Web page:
Afternoon of the living(room) dead

One afternoon in the 80’s my friend Amy asked if I’d like to accompany her on an errand to the apartment of zombie-film director George Romero.

We were in college in Pittsburgh and Amy was housesitting for the famous filmmaker, auteur of the zombie classic (and disguised social critique) Night of the Living Dead and the other Pittsburgh-based “Dead” movies. Naturally I jumped at the chance to see how he lived.

It was an attractive but not especially distinguished apartment in an inconspicuous apartment building not far from CMU. In almost all respects it could have been the home of anyone who could afford the rent on a modest couple of hundred extra square feet of space. But three things about it were notable:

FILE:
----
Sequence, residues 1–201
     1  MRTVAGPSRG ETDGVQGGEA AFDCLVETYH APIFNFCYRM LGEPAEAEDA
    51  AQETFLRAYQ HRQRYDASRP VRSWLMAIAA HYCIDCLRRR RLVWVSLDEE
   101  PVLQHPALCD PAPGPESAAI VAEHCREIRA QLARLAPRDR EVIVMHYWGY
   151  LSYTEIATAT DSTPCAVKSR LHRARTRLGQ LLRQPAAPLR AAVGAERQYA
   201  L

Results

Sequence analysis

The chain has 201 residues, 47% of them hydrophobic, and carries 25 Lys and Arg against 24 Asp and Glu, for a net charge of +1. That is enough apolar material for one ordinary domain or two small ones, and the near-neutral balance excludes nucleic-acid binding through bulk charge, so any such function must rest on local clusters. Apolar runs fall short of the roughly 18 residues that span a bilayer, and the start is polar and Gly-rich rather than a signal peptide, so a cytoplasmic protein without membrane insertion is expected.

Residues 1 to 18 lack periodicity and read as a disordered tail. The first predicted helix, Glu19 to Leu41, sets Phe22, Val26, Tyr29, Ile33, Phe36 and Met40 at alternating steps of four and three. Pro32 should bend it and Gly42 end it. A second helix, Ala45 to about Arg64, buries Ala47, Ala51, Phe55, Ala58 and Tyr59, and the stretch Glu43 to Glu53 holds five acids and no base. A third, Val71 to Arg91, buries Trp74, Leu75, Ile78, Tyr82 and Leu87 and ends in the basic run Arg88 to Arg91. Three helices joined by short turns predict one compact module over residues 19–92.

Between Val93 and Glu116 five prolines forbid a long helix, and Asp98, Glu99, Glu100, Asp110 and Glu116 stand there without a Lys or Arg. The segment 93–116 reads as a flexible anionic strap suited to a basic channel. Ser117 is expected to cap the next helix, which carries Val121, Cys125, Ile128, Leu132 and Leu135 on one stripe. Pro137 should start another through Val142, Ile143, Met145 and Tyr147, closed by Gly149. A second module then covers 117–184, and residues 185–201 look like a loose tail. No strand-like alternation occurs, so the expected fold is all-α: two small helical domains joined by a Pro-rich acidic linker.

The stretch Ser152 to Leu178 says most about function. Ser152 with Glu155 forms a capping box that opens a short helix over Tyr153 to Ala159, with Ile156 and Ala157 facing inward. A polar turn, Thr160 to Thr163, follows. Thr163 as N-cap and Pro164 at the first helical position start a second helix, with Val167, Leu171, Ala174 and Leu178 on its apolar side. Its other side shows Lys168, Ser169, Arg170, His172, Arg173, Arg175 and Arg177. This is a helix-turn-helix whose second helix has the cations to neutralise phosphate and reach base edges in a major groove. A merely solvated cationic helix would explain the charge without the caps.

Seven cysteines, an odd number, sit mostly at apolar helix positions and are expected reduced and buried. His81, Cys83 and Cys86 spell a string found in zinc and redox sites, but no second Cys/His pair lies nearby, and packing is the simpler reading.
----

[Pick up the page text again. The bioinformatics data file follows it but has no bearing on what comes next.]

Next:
• The refrigerator was full of champagne, at least twenty bottles of the stuff.
  • His vast collection of movies on VHS filled two walls of the living room. I drooled with envy as I read the titles. (Over the years, inspired by Romero’s living room, I too amassed a respectable collection of movies on VHS, or “Crapvision” as James Cameron famously called it. Within a decade those tapes grew all but unwatchable as the recordings decayed. Today you couldn’t pay me to store one tenth of Romero’s bulky old movie collection in my house. Funny how things change.)
  • Several walls were cluttered with photos from the sets of his films. Many of those photos featured actors in full zombie makeup relaxing between takes. My favorite was of Romero’s young daughter Tina bouncing happily on the knee of one smiling, hideously decaying ghoul.

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